Contact: Laura Mecoy
LMecoy@LABioMed.org
310-546-5860
LA BioMed

Public Release: 14-Nov-2016
2016 Annual Meeting of the American Society of Tropical Medicine and Hygiene
New evidence finds mosquitoes could infect humans with Zika and chikungunya viruses at the same time
Mosquitoes are capable of carrying Zika and chikungunya viruses simultaneously and can secrete enough in their saliva to potentially infect humans with both viruses in a single bite, according to new research presented today at the 2016 Annual Meeting of the American Society of Tropical Medicine and Hygiene.

Contact: Preeti Singh
psingh@burness.com
301-280-5722
Burness

Public Release: 14-Nov-2016
2016 Annual Meeting of the American Society of Tropical Medicine and Hygiene
New study ties West Nile virus to risk of shorter life span
West Nile virus may be much more deadly than previously believed, with deaths attributable to the mosquito-borne disease occurring not just in the immediate aftermath of the infection but also years later, long after patients seem to have recovered from the initial illness, according to a new study presented today at the 2016 Meeting of the American Society of Tropical Medicine and Hygiene (ASTMH).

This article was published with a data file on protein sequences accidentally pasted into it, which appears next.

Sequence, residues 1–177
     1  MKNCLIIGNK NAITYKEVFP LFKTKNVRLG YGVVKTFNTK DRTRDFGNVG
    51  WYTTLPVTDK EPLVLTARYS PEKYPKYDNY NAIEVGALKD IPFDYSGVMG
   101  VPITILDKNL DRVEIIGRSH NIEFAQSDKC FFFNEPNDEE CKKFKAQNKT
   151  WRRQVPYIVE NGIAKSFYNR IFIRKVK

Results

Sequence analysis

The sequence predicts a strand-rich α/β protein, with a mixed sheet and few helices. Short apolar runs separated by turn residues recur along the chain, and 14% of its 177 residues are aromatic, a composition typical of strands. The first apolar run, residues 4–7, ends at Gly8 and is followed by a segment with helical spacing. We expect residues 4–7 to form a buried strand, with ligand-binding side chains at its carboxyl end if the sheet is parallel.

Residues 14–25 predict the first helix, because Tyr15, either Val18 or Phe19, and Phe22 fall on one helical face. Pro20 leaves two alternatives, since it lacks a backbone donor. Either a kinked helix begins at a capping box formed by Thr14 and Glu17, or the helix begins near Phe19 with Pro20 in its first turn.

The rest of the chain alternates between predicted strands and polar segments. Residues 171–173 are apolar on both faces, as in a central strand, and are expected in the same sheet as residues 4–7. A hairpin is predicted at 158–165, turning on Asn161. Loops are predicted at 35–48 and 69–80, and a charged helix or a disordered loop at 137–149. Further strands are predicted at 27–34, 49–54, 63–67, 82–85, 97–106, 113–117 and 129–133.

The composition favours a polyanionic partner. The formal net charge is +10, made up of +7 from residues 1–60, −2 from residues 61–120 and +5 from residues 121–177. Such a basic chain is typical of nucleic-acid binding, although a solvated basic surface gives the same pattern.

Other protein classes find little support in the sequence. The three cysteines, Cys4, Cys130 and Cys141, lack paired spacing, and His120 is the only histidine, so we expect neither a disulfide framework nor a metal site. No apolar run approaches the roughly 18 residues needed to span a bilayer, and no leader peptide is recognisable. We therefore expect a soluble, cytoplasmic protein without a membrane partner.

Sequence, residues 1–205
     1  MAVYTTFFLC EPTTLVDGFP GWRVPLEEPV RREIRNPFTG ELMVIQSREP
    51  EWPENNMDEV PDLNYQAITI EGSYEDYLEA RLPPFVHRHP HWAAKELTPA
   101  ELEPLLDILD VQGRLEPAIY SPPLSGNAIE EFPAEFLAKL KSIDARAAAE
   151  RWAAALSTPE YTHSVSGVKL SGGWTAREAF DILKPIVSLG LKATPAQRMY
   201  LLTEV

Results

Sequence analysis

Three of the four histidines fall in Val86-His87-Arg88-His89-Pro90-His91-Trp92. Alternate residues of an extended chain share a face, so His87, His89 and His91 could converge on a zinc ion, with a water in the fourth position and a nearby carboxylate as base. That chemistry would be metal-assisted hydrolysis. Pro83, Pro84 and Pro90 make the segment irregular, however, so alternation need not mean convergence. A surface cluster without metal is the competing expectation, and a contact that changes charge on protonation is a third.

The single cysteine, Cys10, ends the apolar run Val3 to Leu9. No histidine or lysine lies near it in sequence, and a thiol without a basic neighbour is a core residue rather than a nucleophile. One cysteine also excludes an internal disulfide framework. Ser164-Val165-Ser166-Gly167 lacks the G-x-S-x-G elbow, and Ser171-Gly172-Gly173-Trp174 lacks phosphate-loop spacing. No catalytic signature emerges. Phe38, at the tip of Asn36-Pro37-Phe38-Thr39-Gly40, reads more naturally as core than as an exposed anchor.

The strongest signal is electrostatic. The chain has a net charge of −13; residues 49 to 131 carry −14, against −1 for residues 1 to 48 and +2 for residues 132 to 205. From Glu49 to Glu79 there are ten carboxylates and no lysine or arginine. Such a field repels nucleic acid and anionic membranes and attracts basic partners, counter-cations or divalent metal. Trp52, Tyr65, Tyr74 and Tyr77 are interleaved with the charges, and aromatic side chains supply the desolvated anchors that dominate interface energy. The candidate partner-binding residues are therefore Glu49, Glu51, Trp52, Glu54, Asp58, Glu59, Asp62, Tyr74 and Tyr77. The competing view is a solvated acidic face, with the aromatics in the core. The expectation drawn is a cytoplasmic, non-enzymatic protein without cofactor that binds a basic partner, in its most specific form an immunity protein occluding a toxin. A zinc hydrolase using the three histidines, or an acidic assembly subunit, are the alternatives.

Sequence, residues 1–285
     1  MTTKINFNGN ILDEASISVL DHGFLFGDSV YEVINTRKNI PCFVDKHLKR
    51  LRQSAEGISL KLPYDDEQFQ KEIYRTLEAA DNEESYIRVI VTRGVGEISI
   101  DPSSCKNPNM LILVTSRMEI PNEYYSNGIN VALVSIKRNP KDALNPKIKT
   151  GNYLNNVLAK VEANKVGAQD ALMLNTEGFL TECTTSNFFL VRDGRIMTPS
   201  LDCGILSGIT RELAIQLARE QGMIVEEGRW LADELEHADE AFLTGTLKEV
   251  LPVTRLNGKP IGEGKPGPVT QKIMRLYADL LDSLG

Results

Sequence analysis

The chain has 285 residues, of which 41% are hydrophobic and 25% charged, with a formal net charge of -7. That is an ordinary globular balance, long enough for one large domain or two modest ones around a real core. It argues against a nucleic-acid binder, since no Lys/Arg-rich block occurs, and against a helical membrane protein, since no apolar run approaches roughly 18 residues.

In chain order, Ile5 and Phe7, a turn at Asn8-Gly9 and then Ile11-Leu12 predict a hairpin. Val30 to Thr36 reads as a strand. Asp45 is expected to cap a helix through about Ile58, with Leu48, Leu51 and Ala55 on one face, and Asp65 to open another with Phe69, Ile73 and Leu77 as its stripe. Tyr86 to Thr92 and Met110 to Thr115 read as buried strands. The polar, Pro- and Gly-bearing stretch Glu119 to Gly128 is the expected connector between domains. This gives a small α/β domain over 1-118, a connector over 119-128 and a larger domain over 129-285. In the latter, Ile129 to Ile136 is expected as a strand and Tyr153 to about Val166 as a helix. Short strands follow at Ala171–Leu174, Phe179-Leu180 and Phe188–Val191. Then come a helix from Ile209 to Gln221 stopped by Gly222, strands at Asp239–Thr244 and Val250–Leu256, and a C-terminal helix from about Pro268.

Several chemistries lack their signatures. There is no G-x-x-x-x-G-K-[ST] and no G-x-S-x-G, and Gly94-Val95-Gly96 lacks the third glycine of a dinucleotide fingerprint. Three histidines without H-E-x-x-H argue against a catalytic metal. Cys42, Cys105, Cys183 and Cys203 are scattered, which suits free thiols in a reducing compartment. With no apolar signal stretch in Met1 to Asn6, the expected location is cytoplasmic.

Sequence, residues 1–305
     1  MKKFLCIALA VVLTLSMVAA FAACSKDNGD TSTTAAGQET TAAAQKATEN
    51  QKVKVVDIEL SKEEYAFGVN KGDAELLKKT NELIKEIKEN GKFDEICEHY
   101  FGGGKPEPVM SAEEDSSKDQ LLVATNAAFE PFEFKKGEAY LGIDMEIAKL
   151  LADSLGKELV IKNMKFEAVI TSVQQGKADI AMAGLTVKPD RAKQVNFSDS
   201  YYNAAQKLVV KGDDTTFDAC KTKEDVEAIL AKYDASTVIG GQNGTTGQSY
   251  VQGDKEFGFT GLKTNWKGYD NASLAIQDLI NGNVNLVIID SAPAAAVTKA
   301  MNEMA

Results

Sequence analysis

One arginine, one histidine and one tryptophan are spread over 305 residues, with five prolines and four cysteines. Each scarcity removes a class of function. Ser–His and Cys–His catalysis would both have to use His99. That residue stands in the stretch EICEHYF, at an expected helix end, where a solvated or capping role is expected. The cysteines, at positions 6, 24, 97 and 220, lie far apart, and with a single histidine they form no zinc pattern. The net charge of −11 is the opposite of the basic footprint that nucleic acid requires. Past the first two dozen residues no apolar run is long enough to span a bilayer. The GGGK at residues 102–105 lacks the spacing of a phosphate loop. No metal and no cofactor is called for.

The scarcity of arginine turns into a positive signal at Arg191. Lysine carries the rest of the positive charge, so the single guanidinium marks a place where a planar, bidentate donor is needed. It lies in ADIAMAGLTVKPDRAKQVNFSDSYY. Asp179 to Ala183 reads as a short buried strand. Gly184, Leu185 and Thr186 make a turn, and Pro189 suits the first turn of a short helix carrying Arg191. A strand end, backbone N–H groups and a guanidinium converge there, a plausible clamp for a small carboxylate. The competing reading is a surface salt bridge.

Contact: Preeti Singh
psingh@burness.com
301-280-5722
Burness

Public Release: 11-Nov-2016
GUMC selects global health champion Roger I. Glass as recipient of highest award
Georgetown University Medical Center will honor Roger I. Glass, MD, PhD, with the 2016 Cura Personalis Award at its Ninth Annual GUMC Convocation on Thursday, Nov. 17. Glass also will be the Convocation keynote speaker.

Contact: Karen Teber
km463@georgetown.edu
Georgetown University Medical Center

Public Release: 11-Nov-2016
Current Cancer Therapy Reviews
Antibody drug conjugates have shown clinical efficacy with acceptable toxicity